Genre: Point-and-Click Adventure
Release date: September 27, 2013
Of all the parallel universes out there, there's one that is filled not with space, but with dirt. In the middle of this universe of dirt there's a hollow space, and in this hollow space is the land of Asposia. The world's air had always been supplied by three wind fountains, but they barely blow any more. Now the wind gods fly across the land, their gaze turning the people to stone.
Robert had always led a cloistered life, having lived in the monastery since he was a baby. Now he must venture out into a land that has lost hope but not its attitude. It was not his intention to save the world, but that just might happen along the way.
The words “Classic” and “Retro” have become very popular with adventure games. Look through the Crowdfunding Corner (shameless plug) and you'll find two or three games each month on Kickstarter or Indiegogo claiming to bring back the Classic/Retro style. The Inner World delivers on this promise.
The graphics style is 2D cartoon reminiscent of Lucas Arts or Sierra Online, but with a difference. Instead of going Retro with low resolution and big pixels, Studio Fizbin used high resolution and smooth lines. The result is not the style used in the '90s, but the style the '90s wanted to use.
If you're old enough, the puzzles will bring back memories. Most are inventory-based and are a mixture of Rube Goldberg design with cartoon physics. And don't worry about failure. You can't die and the game will wait patiently as you try over and over again until you get it right. If you aren't old enough, well this is what puzzles were like back in the day. If you like them, then go get some of the old titles. They're just as playable today as they were back then.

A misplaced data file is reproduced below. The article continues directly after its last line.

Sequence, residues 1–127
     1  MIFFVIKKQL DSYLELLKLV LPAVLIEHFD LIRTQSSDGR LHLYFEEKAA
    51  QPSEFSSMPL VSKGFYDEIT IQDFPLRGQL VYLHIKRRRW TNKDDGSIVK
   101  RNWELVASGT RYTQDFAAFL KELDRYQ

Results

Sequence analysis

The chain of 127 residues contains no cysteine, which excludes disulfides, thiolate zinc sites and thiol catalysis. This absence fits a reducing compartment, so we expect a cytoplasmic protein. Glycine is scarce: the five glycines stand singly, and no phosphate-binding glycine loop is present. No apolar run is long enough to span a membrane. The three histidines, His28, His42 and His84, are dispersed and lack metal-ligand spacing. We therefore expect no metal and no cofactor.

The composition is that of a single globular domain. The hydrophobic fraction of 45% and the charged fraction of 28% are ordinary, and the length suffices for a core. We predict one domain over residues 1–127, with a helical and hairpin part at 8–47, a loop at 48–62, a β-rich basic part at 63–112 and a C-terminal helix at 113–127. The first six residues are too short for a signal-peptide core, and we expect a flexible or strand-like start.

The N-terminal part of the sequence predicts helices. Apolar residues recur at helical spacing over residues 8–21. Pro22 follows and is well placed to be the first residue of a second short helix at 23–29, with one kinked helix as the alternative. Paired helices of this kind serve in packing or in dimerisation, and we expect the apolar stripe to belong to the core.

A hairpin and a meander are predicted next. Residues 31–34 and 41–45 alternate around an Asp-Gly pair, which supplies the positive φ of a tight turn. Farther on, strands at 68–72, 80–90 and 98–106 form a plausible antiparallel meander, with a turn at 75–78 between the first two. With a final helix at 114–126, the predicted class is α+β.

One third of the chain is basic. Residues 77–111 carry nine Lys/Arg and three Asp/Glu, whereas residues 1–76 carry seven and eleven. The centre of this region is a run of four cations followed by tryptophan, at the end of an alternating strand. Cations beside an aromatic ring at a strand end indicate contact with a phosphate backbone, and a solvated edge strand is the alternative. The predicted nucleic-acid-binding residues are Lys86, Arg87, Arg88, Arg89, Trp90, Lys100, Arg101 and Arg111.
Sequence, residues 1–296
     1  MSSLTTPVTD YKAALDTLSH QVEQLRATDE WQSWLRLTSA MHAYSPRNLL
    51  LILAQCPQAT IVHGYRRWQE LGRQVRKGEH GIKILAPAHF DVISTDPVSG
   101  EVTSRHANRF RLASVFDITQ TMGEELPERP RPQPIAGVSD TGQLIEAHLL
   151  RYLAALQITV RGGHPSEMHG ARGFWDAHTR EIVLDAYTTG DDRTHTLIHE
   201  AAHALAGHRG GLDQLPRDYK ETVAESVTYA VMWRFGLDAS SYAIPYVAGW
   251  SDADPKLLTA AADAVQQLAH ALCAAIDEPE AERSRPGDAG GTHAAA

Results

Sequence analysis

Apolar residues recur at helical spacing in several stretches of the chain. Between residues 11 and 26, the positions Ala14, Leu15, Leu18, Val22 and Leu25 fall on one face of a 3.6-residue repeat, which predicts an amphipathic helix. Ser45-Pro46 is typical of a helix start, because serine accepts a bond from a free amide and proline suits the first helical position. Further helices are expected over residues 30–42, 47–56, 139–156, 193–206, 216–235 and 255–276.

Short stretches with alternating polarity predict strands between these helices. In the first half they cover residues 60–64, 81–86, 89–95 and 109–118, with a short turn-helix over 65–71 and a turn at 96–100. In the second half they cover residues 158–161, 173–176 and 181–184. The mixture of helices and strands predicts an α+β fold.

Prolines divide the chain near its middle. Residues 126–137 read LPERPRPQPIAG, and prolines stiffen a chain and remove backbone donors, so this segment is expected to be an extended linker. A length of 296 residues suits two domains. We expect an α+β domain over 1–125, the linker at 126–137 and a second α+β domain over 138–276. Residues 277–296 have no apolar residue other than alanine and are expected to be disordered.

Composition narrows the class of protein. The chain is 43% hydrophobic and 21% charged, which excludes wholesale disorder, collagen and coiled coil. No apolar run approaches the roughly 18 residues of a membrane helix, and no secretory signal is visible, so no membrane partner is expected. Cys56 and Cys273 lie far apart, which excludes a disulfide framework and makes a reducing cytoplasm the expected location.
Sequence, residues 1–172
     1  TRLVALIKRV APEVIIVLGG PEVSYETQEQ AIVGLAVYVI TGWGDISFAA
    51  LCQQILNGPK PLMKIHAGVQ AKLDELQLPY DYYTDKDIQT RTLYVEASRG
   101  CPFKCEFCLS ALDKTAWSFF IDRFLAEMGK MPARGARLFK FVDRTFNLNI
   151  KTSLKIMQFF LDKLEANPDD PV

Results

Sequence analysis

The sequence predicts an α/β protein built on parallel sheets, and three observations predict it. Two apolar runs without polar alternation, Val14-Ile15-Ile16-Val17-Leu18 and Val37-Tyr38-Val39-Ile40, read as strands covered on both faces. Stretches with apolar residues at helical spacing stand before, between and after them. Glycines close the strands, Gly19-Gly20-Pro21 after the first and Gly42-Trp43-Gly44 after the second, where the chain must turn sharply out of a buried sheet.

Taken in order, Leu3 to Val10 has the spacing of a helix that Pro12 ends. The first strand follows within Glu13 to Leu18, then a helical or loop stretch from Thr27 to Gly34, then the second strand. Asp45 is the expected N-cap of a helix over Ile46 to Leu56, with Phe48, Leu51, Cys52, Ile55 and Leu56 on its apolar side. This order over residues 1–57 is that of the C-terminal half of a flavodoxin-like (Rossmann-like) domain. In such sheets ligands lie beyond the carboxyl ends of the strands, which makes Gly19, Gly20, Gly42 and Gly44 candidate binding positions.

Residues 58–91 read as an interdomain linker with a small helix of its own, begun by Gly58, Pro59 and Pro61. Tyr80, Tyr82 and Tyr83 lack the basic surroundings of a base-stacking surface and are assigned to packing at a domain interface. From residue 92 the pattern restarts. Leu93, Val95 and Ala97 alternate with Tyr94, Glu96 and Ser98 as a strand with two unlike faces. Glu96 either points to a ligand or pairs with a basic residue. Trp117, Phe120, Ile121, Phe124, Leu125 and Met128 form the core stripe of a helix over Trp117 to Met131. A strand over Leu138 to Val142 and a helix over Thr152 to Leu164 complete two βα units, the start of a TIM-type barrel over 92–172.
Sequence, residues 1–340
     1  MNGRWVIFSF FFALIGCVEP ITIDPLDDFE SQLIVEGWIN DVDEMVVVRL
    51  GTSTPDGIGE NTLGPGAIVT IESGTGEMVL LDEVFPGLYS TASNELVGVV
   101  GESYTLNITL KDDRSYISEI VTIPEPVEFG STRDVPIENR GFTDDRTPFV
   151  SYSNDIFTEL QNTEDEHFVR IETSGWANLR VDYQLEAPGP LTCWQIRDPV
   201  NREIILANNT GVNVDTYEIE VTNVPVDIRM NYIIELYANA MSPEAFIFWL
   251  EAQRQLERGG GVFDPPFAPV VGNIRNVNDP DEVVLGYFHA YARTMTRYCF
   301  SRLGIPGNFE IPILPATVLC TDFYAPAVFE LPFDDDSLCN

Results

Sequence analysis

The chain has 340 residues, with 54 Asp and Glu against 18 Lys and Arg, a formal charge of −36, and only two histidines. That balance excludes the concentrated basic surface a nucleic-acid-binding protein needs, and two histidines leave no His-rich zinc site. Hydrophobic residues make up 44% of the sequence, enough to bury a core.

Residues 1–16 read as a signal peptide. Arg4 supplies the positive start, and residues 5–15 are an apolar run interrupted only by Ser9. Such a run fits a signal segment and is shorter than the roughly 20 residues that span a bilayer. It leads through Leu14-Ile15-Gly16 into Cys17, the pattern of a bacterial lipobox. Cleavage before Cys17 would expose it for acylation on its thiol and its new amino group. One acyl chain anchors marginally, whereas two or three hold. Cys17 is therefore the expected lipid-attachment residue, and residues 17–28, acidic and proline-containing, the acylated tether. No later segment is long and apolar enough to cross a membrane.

The graphics are nice and the puzzles satisfying, but the game is definitely story-centric. A pilfering pigeon has flown off with the Abbot's pendant and Robert leaves the Monastery to retrieve it. Once outside he meets all kinds of worldly people who seem to have different memories of how history went down. But will their street smarts and attitude be able to stand up to Robert's raw innocence and naiveté?
The game is quite linear, as befits a story. Each location typically has a character to meet and a puzzle to solve. There's lots of dialogue, which is both humorous and entertaining. The voice acting is spot on giving each character a unique personality. Solving each puzzle allows the plot to progress and we learn more and more of what had been hidden from Robert.
Will the Wind Wells ever blow again? Will Robert grow out of his naiveté? Will he get the girl? Will he lose his innocence? For the answers to these and other questions… play the game!
In conclusion, Studio Fizbin wanted to make a classic adventure game with intriguing puzzles and a compelling story. And they nailed it!
+ Classic Point-and-Click adventure
+ Excellent voice acting
+ Good storyline
+ Good puzzles
+/- Lots of dialog. I mean, lots.